There are references in Jain texts to various areas of Southeast Asia.[1] During the reign of Samprati, Jain teachers were sent to various Southeast Asian countries.[2]

Prominent Jains (e.g., Jain monk Kshullaka Prayatna Sagar[3]) from India have visited South East Asia for the purpose of representing Jainism, guiding the local Jain community and interacting with the members of other religious faiths, notably Buddhism.


South Korea

There is evidence of Jainsim In Korea:-

There is evidence to suggest that the Bulguksa temple was originally built in the 7th century by a Jain monk named Gyeon Hwon. However, in the 8th century, Buddhism became the dominant religion in Korea, and Bulguksa Temple was converted into a Buddhist temple.

There are a number of features of Bulguksa Temple that suggest that it was originally a Jain temple. For example, the temple's main pagoda, the Dabotap Pagoda, is shaped like a lotus flower, which is a symbol of Jainism. Additionally, the temple's complex layout is said to be based on the design of a Jain pilgrimage site.

The conversion of Bulguksa Temple from a Jain temple to a Buddhist temple is a reflection of the changing religious landscape of Korea in the 8th century. In the 7th century, Jainism was one of the major religions in Korea, but in the 8th century, Buddhism became increasingly dominant. This shift in religious power is likely due to a number of factors, including the influence of Chinese Buddhism and the patronage of the Silla royal family.

Despite its conversion to Buddhism, Bulguksa Temple still retains some of its original Jain features. This makes it a unique and important site for the study of Jainism in Korea.


There is no evidence of Jainism in Brunei.

Burma (Myanmar)

Shree Jain Shwetamber Murtipujak Temple, Yangon

The Jain Agamas refer to Southeast Asia as Suvarnabhumi. Kalakacharya, a Jain monk, is said to have visited Burma.[1]

About 5000 Jain families lived in Burma before World War II. Almost all of the families have now left.[4] There are three or four Jain families and a Jain temple in Yangon.[5][6] It was built with romanesque architecture and is located on 29th Street in Latha Township in Old Rangoon.[7] The Yangon Heritage Trust has been lobbying to preserve this temple, along with other prominent landmarks of Old Rangoon.[8]


There is no evidence of Jainism in Cambodia.[9]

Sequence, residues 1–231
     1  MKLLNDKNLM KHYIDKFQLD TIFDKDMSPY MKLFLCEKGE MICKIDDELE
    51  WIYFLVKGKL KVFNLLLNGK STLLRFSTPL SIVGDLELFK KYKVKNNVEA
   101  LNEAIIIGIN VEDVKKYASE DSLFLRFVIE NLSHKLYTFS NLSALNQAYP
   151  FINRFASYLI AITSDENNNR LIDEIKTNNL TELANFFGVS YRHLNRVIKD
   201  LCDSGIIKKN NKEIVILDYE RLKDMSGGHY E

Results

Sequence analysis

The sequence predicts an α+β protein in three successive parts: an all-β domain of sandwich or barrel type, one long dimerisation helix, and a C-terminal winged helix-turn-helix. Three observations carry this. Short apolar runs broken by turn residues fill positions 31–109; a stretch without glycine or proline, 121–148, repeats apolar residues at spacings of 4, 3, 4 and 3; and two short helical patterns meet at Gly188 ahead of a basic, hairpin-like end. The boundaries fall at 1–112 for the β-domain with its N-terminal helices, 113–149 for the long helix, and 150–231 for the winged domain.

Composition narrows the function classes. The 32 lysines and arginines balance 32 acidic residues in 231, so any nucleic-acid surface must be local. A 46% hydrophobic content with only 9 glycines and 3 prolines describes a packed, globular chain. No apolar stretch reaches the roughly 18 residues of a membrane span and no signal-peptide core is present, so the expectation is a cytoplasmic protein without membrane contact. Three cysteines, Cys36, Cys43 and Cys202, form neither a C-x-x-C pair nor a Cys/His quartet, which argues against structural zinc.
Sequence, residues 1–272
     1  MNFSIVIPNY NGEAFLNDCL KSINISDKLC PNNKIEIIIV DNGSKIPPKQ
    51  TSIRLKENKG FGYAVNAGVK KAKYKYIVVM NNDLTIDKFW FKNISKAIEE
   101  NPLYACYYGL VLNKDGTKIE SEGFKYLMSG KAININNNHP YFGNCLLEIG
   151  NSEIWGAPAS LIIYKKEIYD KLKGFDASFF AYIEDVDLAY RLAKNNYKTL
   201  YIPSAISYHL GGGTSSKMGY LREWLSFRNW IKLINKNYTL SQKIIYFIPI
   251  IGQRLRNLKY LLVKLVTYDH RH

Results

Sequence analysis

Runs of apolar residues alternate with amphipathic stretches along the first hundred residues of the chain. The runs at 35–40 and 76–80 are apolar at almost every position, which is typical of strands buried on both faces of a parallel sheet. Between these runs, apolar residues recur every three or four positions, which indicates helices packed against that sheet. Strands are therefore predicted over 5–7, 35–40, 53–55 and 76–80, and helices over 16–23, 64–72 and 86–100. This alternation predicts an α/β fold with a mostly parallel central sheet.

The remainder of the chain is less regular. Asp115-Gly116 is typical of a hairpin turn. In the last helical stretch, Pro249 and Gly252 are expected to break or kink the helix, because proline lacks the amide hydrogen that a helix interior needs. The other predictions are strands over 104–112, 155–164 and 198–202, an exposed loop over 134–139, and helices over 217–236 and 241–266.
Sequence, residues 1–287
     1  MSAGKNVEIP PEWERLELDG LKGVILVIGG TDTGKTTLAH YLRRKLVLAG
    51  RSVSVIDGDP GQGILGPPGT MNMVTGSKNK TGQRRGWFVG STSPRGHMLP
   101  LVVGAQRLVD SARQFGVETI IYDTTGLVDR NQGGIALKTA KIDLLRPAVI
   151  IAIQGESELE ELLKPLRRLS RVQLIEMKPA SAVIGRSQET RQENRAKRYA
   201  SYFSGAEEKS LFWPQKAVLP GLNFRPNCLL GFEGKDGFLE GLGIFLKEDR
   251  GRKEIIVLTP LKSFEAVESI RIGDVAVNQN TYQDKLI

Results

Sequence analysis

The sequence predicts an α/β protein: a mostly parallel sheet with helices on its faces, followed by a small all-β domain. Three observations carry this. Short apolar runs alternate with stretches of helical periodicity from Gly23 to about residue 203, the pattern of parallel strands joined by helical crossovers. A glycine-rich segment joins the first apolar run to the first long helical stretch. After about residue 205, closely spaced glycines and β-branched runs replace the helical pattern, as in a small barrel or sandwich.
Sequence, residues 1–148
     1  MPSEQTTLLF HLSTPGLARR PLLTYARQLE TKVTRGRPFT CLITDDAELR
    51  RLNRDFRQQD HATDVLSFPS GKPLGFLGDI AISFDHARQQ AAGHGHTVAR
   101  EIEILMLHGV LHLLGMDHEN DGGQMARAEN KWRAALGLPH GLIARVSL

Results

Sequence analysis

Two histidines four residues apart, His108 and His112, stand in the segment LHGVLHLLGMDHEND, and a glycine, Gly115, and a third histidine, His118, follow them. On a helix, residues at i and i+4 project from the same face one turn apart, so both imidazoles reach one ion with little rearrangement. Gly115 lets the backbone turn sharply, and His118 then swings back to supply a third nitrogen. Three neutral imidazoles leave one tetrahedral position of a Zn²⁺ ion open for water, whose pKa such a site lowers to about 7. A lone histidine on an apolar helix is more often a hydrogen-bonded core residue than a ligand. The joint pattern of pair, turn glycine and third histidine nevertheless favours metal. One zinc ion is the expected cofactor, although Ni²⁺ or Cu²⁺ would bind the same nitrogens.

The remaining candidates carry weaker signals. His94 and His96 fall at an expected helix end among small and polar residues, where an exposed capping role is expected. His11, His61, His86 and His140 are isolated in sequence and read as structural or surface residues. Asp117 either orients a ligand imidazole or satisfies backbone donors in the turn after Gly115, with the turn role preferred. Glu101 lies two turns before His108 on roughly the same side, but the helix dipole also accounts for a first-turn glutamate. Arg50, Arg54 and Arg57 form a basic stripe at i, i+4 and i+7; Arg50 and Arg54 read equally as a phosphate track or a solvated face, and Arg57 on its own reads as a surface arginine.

A small Jain community exists in Indonesia. The community organises various Jain festivals in Jakarta. The community organisation is called Jain Social Group, Indonesia.[10]


There is no presence of Jainism in Laos.


There are about 2,500 Jains in Malaysia. It is believed some of them came to Malacca in the 15th or 16th century.[11]

The first Jain temple in Malaysia is located at Ipoh, Perak and was consecrated in 2012.[12][13] There is also a Jain temple in Kuala Lumpur.[14] The temple is located in the Bangsar locality of Kuala Lumpur and was built using 4000 kilograms of marble from India.[15] Malaysia's Human Resources Minister Subramaniam Sathasivam was present during the inauguration of the temple in 2011.[16]

The Jain community actively celebrates Jain festivals like Paryushan.[17][unreliable source?]

Hong Kong-China

There are about 500 Jains living in Hong Kong.They also have a Jain temple.


Main article: Jainism in Singapore

Jains have been settled in Singapore since just before the First World War (1910 – 1914).[18] As of 2006, there were 1,000 Jains in Singapore.[19]


Historically, Jain monks took Jain images to Thailand via Sri Lanka. A digambar Jain image is worshipped as an image of Buddha at Chiangmai.[20] However, due to a rigid emphasis on austerity, Jainism did not take root in Thailand.[20]

As of 2011, there are about 600 Jain families in Thailand, mainly in Bangkok.[21][22] The Jain community in Thailand in not united, unlike the Jain communities in Singapore, the United States, and some other countries. Separate Jain temples exist for the Digambara and the Svetmabara Jain communities.[23][unreliable source?] The Digambar Jain Foundation was established in 2007.[24]

The Jain community also sponsors local Thai PhD students to pursue higher studies in Jainism.[25] Some restaurants in Thailand serve Jain food.[26][27]